Inflammatory Bowel Disease (IBD), is a poorly understood grouping of two separate diseases: Ulcerative Colitis (UC) and Crohn’s Disease (CD). Unlike other bowel diseases, both of these conditions have characteristics both in their presentation and pathology that make diagnosis fairly routine. Both will be reviewed here with recommendations for ongoing management and treatment options in a post-collapse environment.
Ulcerative Colitis patients have recurrent episodes of inflammation of the mucosal layer of the colon. There are different subtypes of UC based on the location of the inflammation. Ulcerative Proctitis affects the rectum, or lowest portion of the colon. If the inflammation is slightly more extensive, the terms Left-sided Colitis, Distal Colitis, or Proctosigmoiditis are often used to describe the disease. Extensive Colitis involves nearly the entire colon but does not involve the cecum (closest to the small bowel junction) and Pancolitis involves the … Continue reading
Dale in Tennessee’s Bean Stretcher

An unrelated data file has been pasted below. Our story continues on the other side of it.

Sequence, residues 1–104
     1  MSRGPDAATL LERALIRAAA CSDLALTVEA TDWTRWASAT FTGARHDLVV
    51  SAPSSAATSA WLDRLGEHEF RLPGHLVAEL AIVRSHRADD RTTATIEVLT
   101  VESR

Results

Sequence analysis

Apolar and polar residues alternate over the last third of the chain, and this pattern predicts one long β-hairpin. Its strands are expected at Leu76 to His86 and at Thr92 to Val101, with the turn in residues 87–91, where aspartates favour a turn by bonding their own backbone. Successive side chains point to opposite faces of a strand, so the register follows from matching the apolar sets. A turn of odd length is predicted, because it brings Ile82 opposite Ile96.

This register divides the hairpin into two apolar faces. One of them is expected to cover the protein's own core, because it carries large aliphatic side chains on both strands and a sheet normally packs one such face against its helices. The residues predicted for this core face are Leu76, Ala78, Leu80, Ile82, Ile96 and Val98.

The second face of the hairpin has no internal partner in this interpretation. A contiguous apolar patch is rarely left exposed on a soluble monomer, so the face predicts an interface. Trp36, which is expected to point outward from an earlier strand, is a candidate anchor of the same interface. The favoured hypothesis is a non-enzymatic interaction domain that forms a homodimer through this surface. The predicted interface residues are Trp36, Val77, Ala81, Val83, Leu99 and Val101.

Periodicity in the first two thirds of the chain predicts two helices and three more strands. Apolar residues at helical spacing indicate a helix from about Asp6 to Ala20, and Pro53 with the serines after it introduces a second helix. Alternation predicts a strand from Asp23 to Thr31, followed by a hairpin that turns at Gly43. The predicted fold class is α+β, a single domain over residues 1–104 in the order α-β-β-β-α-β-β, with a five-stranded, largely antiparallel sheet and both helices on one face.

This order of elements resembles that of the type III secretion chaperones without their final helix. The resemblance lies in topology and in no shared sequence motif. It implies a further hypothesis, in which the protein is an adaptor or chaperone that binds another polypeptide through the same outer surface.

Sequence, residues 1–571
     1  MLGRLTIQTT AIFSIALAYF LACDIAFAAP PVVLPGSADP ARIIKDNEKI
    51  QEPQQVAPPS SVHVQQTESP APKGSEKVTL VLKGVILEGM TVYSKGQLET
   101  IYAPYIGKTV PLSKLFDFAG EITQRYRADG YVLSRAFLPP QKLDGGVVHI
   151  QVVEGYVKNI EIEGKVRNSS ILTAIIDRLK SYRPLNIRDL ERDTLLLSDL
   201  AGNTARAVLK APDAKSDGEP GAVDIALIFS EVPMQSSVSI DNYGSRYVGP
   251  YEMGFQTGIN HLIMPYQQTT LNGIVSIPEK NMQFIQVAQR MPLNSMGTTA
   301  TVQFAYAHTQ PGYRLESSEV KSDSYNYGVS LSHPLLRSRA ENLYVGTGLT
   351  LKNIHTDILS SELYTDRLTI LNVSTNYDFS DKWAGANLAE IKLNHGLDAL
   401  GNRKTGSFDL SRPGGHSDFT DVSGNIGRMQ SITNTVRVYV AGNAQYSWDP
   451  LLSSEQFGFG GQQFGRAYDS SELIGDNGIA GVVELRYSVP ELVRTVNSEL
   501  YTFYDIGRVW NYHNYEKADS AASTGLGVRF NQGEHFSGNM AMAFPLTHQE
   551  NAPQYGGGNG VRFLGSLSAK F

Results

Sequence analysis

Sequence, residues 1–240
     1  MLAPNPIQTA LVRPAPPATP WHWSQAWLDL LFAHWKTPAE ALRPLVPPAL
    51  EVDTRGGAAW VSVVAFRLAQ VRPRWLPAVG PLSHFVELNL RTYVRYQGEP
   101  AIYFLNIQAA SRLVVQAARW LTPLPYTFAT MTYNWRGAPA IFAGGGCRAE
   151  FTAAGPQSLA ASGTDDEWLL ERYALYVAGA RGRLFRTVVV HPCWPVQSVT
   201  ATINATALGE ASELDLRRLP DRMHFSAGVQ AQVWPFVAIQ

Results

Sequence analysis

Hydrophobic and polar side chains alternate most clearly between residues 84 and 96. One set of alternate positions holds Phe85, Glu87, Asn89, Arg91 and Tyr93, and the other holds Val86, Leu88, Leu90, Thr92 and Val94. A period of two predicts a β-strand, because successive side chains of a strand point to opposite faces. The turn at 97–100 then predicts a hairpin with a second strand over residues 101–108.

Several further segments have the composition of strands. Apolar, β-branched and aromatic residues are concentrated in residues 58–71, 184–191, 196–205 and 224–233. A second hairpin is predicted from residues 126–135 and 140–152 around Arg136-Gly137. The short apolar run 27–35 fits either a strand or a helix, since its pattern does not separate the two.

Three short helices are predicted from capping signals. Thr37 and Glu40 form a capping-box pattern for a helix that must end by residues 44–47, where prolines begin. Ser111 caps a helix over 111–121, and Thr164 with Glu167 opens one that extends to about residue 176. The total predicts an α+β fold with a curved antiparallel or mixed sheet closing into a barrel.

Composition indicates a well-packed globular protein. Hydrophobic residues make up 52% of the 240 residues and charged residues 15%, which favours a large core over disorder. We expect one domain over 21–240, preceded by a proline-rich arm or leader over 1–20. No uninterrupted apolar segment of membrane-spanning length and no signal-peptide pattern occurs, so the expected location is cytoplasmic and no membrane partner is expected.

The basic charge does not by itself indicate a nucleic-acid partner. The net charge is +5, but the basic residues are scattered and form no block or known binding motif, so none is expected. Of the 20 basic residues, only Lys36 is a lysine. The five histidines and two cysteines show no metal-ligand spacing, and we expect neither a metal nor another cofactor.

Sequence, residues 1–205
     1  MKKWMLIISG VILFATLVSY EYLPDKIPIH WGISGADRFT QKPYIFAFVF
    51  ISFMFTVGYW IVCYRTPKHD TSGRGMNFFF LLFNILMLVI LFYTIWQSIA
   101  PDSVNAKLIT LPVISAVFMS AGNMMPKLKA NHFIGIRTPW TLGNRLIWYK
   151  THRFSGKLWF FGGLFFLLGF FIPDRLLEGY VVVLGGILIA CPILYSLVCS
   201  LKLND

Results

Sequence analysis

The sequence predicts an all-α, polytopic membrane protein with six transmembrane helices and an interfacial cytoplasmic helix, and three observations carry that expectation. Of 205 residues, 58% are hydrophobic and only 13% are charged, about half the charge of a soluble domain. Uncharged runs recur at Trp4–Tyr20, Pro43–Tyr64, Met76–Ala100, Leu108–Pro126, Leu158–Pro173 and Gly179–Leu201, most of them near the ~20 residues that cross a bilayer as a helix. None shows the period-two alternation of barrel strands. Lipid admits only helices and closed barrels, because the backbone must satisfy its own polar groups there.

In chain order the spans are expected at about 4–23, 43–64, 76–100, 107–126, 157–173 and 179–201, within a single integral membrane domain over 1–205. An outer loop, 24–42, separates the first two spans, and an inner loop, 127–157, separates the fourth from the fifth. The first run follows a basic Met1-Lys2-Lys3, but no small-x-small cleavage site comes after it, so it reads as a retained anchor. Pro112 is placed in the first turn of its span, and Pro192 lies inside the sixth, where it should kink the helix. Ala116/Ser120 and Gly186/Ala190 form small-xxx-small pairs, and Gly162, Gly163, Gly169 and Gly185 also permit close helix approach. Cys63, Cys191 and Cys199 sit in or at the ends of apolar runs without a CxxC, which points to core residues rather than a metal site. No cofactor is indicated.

A favorite of mine as tested among our group and deemed worthy after being served at a church pot luck. I came up with this after pondering a few days on how to mix some of the random stored food we keep on hand in our pantry. We have enjoyed the various canned Bush’s Grillin Beans for the robust flavor and stock them by the case on our shelves but I wanted a way to make a meal out of them instead of having just a side dish.
Solution: Black bean fiesta grillin beans as a flavor base for a chili type meal. I add in chunks of beef for the current civilized version, but any meat ends up savory by the time the meal is ready. Your stored rice still supplies a nice bulk to fill everyone up, while the random meat and a … Continue reading
Dear Mr. Rawles,